Photo: CityBeat Archive
It’s Labor Day weekend in Cincinnati, which means it’s time to ring in the end of summer with the annual Riverfest all-day party and firework display. Looking for something less explosive? And less crowded? There are also lots of festivals: the Ohio Renaissance Festival, the Nowhere Else music festival and a barbecue festival in Newport.
FRIDAY, SEPT. 3
Nowhere Else Festival
This Labor Day weekend, Linford Detweiler and Karin Bergquist of Folk greats Over the Rhine will again present their Nowhere Else Festival, a three-day celebration “overflowing with music, art, earth, sky” on their rural Clinton County farm, less than 50 miles east of Cincinnati. Headliners include Over the Rhine, of course, as well as Patty Griffin, Joe Henry, Mary Gauthier, Allison Russel and more spread across the 23-acre farm and in an open-air tent. The schedule also includes a VIP farm-to-table picnic, workshops, readings and art exhibits. COVID precautions will be in place. Detweiler and Bergquist are asking everyone to bring proof of vaccination or a negative COVID test taken within 72 hours of the fest for entry. 4 p.m. Friday, Sept. 3 for VIP ticketholders; 9 a.m. Saturday, Sept. 4 and Sunday, Sept. 5. Single day passes start at $90 for adults and $50 for students, active military and teens.190 Townsend Road, Martinsville, Ohio, nowhereelsefestival.com.
Smoke on the River BBQ Fest
If your mouth waters for meat, grab a pile of napkins for this weekend’s Smoke on the River BBQ Festival at the new Covington Plaza. Expect live music and food, from barbecue goetta balls and Cajun chicken on a stick to Kentucky bourbon cake. 5-11 p.m. Sept. 3, noon-11 p.m. Sept. 4 and noon-9 p.m. Sept. 5. Free admission. Covington Plaza, 144 Madison Ave., Covington,cincinnatifestivalsandevents.com.
Katy Kirby at MOTR Pub
Katy Kirby was not raised on The Beach Boys, The Beatles, nor any of the Classic Rock bands that so many of our parents have passed down to our ears. For her evangelical Christian family in Spicewood, Texas, the house music was a little different. “My parents don’t know bands, but my dad loves barbershop quartets and they listen to a lot of worship music,” Kirby said in a Feb. 26 interview with TexasMonthly. These early singing sessions were part of what first drew Kirby to music, an attraction that would eventually lead to her blossoming career as a Post-Folk artist. In February, Kirby released her debut album, Cool Dry Place, with Texas-based label Keeled Scales. The nine-track record calls to mind the sweet, effortless vocals of early Jessica Lea Mayfield and the simple, expressive arrangements of Big Thief. Proof of COVID-19 vaccination or proof of a negative COVID-19 test from the prior 72 hours is required. 10 p.m. Sept. 3. Free. MOTR Pub, 1345 Main St., Over-the-Rhine, motrpub.com.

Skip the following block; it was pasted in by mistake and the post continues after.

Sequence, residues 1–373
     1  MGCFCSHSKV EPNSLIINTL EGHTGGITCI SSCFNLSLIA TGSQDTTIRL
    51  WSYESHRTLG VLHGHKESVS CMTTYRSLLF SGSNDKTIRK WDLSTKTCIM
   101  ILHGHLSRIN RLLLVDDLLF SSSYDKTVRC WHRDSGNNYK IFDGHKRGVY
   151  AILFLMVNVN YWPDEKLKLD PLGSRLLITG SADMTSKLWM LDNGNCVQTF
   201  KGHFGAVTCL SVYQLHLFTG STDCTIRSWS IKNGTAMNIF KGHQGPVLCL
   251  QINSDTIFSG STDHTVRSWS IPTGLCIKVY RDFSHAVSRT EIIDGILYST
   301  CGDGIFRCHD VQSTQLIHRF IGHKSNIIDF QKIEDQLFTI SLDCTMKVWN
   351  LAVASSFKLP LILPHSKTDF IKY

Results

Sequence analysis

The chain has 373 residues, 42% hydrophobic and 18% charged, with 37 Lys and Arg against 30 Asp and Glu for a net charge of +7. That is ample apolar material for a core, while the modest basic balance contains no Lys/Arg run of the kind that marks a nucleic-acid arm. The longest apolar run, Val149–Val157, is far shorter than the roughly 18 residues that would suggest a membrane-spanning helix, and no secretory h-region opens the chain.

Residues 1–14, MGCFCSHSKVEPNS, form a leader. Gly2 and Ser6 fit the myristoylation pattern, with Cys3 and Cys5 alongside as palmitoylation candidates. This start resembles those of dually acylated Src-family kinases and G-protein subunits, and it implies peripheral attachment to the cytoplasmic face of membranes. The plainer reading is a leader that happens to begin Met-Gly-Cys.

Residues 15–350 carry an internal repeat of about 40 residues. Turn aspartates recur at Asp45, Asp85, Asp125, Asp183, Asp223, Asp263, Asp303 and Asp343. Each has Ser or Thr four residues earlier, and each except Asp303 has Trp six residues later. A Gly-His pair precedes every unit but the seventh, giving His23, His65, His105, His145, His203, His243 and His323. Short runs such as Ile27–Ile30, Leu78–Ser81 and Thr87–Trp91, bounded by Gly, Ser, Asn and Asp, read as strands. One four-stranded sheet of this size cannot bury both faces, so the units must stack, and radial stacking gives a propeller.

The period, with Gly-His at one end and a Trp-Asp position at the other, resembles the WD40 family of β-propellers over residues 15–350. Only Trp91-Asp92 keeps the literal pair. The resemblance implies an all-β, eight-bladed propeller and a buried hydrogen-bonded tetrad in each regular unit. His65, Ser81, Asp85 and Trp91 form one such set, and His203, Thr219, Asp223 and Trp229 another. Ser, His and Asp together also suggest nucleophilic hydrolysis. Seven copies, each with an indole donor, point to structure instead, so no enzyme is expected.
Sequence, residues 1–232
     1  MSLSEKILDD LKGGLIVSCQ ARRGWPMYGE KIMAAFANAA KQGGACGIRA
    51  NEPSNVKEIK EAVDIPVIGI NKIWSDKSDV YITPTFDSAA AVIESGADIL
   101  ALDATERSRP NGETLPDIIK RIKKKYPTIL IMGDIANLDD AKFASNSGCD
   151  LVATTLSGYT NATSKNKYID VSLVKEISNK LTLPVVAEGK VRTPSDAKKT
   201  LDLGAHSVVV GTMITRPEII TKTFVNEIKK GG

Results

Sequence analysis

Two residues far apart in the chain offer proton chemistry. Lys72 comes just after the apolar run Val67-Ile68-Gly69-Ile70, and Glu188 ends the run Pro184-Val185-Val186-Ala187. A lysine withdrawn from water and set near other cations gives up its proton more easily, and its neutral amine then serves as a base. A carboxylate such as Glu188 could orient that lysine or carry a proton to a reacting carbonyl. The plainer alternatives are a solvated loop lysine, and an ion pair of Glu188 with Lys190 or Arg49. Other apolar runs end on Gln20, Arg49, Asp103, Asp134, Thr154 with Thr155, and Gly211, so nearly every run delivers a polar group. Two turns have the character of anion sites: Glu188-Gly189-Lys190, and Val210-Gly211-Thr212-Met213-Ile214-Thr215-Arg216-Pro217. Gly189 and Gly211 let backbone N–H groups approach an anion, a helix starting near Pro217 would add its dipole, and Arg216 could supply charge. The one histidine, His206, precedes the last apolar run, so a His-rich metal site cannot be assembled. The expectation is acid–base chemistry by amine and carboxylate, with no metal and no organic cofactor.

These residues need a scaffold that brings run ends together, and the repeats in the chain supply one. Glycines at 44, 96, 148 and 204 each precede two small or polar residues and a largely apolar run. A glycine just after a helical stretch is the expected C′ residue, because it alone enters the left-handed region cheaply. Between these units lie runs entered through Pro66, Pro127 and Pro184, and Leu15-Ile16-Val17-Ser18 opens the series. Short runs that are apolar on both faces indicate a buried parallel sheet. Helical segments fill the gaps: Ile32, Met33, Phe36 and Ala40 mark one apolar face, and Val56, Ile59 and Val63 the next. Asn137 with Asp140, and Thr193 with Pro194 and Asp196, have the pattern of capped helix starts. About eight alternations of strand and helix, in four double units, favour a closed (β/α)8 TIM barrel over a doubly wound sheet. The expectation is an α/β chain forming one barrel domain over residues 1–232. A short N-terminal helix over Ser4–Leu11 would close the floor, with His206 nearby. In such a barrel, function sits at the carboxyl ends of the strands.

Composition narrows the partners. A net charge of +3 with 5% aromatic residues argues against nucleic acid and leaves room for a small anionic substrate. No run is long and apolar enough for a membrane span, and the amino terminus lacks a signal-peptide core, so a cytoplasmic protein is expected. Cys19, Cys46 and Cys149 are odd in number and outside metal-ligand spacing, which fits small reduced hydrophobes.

SATURDAY, SEPT. 4
Photo: Adam Doty
Ohio Renaissance Festival
Grab your stein and your corset: the Ohio Renaissance Festival will return to Waynesville’s Renaissance Park this fall. The annual event was cancelled last year due to the pandemic, but — despite cases growing once again due to the Delta variant — the outdoor fest, “like a phoenix,” will rise again this year, the website says. Themed weekends like Fantasy Weekend, Pirates Weekend and Romance Weekend take place throughout the season. Enjoy bites from more than a dozen vendors ranging from Mediterranean eats and pizza to bourbon chicken and mac-and-cheese-stuffed bread bowls, plus there will be plenty of giant turkey legs to nom on. There will also be beer, wine and mead. 10:30 a.m.-7 p.m. Saturdays and Sundays through Oct. 31. $23 ages 13 and up; $21 seniors; $10 children; $3 parking (cash only); discounts available online. 10542 East State Route 73 Waynesville, renfestival.com.